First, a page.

New type of glass ceramics provides better oral health


A group of researchers at the Ångström Laboratory at Uppsala University have produced glass ceramics that are three times stronger than the ones already existing. This opens up for a better dental care where the patients get stronger teeth and do not have to visit their dentist as often.

Ceramics are inorganic and non-metallic materials that compose the main group of material. Examples of ceramics are cement, concrete, brick, tile, glass and glaze.

It is researchers at the division of Applied Materials Science at the Department of Engineering Sciences who developed a type of glass ceramics that is three times stronger than what is available today. The color is semi-transparent, while the stongest ceramic  that has similar strength is white. The color may not seem to play a role in the context, but the combination of color and durability has proven to be a particularly successful combination when it comes to materials that dentists use to repair our teeth.

Associate Professor Wei Xia

- Our teeth are hard and strong and have a nice color and they need strong materials to be treated. The dilemma of today's dental care is that strong materials are white to the color (a white color that does not look natural) and the materials that are semi-transparent are not as strong. Our ceramics are three times stronger than the ones existing today and also semi-transparent to the color. This means that you can adjust the color of the tooth to resemble the patient's other teeth and the result is a natural look. The material is meant to be used for repairs, broken teeth and dental bridges and crowns, explains researcher Wei Xia, who leads the research group together with Håkan Engqvist and Le Fu.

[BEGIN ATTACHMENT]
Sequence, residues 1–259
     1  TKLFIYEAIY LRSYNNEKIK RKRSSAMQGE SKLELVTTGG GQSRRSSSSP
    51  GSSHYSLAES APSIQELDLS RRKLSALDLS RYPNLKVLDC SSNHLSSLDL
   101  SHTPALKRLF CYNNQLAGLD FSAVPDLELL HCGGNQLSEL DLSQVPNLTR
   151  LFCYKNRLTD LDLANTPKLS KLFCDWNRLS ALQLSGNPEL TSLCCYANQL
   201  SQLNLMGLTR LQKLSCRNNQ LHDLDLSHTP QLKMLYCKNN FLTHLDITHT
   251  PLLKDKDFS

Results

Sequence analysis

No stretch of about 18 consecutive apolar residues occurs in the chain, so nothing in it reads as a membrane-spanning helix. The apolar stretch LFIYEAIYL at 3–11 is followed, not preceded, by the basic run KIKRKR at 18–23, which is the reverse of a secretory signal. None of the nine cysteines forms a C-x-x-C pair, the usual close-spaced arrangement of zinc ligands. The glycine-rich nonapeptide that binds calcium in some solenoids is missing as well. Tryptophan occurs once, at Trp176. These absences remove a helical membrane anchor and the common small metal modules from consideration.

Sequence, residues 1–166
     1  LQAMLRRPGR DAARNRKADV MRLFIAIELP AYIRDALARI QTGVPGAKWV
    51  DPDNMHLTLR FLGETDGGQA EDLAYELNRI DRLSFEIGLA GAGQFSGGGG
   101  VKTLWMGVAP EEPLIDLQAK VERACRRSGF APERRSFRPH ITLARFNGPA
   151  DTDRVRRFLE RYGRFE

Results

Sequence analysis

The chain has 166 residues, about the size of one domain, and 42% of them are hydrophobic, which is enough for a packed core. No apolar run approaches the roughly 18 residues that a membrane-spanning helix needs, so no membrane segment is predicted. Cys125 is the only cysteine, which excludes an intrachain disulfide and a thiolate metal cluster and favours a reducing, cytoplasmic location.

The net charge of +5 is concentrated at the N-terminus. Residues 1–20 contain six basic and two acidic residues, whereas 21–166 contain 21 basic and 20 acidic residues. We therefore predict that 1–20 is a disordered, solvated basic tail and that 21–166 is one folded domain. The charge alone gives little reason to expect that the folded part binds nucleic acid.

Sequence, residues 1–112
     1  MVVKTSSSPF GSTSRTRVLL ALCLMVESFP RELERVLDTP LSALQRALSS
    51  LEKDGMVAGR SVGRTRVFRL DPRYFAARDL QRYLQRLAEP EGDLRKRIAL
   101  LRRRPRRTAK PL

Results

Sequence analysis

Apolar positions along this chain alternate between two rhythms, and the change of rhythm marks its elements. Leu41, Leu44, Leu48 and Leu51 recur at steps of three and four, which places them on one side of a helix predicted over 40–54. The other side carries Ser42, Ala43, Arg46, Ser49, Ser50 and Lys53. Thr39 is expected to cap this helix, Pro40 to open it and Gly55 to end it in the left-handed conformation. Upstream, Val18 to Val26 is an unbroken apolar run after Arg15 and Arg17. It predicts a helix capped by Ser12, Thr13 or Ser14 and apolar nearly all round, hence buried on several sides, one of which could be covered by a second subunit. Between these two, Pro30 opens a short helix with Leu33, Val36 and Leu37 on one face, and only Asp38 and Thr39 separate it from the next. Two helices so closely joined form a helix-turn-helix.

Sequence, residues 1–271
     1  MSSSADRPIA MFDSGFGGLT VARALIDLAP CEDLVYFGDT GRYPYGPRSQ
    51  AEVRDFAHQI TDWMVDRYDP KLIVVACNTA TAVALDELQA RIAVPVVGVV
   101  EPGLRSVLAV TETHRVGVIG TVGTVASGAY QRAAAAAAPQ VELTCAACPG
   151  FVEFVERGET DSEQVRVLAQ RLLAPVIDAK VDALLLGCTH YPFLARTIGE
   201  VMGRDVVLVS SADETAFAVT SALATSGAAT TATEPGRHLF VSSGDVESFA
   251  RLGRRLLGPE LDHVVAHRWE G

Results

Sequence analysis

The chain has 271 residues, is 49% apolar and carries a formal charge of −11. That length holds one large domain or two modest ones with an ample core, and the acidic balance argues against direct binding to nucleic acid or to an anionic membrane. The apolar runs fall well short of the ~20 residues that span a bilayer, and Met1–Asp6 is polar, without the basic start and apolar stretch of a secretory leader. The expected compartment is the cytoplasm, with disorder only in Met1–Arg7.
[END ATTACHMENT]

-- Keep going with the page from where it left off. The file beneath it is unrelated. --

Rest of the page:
Photo: PixaBay

The plan is that the new material will give the patients a healthier oral health and in the long term the care will hopefully be cheaper as the patient does not have to visit their dentist just as often.

The discovery has already attracted attention and researchers are now hoping to get their research out on the market. The plan is to use the glass ceramics for areas that need strong and semi-transparent material, for example different types of implants.

For further information, contact Wei Xia, Associate professor at the Department of Engineering Sciences, Uppsala University.

Anna Ciabuschi Eriksson